The path toward a better claims experience
No matter where insurers fall on the maturity curve today, there is much they can do to transform the claims process. The path to success begins with a series of well-thought-out steps designed to produce useful learning and incremental value. Huge investments in new technology or large teams of data scientists are not required for substantial improvements. Organizational and cultural factors are also part of the claims transformation equation.
Insurers should endeavor to integrate third-party data (such as medical claims, consumer credit and weather data) with existing records. They also have the opportunity to pilot the use of automated notifications via chatbots and to encourage customers to submit photos of damage. While taking these initial tactical steps, they can begin building the business case for, and perhaps even pilot, more advanced capabilities, such as “no-touch” claims handling for specific products, regions, claims types or payments.
Insurers in the intermediate phases of their digital transformation journey should consider expanding automated claims handling to more claims types and larger amounts, broaden their use of chatbots for communication and seek to integrate more external data sources. They can also deploy drones as “adjusters” and establish analytics Centers of Excellence in claims.
More mature organizations will look to leverage new data storage and management technologies as the basis for advanced analytics and real-time visualization. They may also strengthen antifraud efforts by implementing machine learning. The most forward-looking insurers may build out data science teams to probe large and diverse data sets stored in analytics ecosystems. Similarly, they may expand claims volumes handled via RPA-enabled straight-through processing and evaluate medical treatments or repair effectiveness against leading practices.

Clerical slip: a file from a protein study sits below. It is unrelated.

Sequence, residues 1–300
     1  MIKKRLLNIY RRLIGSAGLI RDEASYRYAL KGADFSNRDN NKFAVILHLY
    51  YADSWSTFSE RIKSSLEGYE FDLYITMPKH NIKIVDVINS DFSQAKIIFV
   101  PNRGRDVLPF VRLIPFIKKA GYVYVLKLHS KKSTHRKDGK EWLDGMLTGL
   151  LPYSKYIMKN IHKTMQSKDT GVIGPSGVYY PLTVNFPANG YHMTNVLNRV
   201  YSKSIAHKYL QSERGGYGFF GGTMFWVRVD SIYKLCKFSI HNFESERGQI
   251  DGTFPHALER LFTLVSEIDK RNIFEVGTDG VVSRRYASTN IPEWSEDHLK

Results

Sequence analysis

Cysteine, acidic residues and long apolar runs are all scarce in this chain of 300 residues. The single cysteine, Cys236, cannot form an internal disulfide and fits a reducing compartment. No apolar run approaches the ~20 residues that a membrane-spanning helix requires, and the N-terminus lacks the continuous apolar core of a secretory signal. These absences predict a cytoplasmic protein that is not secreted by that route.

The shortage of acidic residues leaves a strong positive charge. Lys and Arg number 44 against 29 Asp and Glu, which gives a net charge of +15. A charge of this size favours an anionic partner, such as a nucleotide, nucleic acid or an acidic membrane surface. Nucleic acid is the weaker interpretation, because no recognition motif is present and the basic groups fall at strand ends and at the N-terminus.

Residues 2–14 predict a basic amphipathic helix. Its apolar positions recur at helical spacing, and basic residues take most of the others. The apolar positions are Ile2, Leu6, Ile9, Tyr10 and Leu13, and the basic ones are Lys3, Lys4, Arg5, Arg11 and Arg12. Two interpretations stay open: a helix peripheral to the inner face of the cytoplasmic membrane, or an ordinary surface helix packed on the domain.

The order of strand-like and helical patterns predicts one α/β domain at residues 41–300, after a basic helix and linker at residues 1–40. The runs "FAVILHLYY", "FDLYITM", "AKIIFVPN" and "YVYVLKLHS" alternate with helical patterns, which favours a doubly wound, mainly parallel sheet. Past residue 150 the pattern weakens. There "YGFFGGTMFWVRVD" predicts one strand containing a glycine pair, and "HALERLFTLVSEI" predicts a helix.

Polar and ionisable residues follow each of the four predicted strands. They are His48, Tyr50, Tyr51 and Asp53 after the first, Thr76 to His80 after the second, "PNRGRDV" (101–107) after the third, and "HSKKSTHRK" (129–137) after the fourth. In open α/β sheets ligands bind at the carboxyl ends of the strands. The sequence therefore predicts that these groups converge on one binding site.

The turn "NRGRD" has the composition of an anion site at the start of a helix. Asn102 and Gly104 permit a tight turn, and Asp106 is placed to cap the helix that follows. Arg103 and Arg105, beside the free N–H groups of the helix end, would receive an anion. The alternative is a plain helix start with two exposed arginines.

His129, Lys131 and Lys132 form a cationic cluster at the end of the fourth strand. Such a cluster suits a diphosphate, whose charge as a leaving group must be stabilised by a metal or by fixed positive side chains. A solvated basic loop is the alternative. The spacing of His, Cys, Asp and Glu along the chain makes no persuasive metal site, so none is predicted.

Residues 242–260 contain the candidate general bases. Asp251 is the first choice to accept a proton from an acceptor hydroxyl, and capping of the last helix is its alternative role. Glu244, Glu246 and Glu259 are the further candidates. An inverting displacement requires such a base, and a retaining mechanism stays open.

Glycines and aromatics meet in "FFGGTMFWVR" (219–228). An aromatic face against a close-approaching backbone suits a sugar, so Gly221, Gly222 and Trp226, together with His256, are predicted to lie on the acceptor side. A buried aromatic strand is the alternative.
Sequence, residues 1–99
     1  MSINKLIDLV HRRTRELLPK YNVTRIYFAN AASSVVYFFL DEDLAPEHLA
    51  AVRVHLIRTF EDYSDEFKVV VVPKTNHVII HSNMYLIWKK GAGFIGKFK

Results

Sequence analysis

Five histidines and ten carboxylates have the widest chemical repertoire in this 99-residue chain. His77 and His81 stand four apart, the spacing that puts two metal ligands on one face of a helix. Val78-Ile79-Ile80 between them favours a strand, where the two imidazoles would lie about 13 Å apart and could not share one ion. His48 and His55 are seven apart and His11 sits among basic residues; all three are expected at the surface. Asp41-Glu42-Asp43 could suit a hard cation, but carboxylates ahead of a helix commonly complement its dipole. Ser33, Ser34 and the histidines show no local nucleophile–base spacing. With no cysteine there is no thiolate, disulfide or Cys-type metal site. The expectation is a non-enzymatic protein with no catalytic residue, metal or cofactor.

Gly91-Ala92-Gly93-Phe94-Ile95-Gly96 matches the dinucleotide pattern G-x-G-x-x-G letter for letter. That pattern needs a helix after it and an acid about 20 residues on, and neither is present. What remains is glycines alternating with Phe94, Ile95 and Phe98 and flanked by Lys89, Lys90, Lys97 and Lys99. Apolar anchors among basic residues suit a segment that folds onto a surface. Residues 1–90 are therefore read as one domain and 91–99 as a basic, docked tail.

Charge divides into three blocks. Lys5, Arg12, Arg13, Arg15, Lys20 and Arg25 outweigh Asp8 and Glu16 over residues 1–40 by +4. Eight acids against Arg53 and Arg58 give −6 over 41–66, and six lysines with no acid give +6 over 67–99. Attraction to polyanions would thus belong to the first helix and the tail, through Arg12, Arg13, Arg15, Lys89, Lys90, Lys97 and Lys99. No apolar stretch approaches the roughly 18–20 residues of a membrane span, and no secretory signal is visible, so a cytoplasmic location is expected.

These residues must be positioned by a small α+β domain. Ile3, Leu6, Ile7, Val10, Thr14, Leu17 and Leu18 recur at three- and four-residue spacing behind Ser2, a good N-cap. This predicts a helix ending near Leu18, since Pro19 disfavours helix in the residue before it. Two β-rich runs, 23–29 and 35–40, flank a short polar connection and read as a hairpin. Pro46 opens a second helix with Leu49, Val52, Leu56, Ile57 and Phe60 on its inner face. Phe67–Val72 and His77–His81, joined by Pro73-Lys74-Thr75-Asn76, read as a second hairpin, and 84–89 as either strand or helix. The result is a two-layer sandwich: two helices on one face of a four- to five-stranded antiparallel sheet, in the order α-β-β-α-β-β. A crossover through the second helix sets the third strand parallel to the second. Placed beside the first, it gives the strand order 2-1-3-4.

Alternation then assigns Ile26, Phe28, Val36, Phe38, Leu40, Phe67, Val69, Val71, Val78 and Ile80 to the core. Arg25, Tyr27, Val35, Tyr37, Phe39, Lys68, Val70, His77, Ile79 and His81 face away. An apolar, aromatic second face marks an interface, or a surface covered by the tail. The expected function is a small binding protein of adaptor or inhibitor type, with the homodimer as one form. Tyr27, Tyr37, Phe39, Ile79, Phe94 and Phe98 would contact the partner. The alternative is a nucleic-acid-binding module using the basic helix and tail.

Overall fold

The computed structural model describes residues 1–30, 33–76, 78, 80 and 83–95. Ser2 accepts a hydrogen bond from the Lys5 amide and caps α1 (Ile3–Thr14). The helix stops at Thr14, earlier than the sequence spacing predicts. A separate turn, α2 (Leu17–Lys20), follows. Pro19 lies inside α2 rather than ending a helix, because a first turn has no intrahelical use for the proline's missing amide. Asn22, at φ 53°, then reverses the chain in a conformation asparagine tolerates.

As claims organizations become more digital, the benefits of additional data and more effective analytics should extend beyond the customer experience. Machine learning and visualization techniques can help assess and predict claims risk with greater accuracy and certainty. They also provide a consistent claims handling approach relative to unbiased reserving, litigation, subrogation and other claims processes.
It is worth noting that technology enhancements alone will not produce a claims organization for the digital era. A cultural willingness to embrace change also matters. Many insurers must overcome risk-averse cultures to encourage experimentation and “fast failures” in the spirit of learning what works best for their culture and customers.
How do they do that? Test-and-learn approaches are a good start for insurers with limited digital capabilities. Pilot programs for automated claims processing and bot-driven notification systems are an ideal place for many organizations to start.
Customer experience is everywhere
In the digital era, where customers have been trained to expect real-time access to data and personalized service, the stakes for the claimant customer experience have been raised. Insurers must learn to deliver what customers want and expect — and deliver it efficiently, accurately and quickly. Digital transformation makes it possible, while offering insurers significant upside in terms of lower costs, increased customer loyalty and reduced risk of fraud.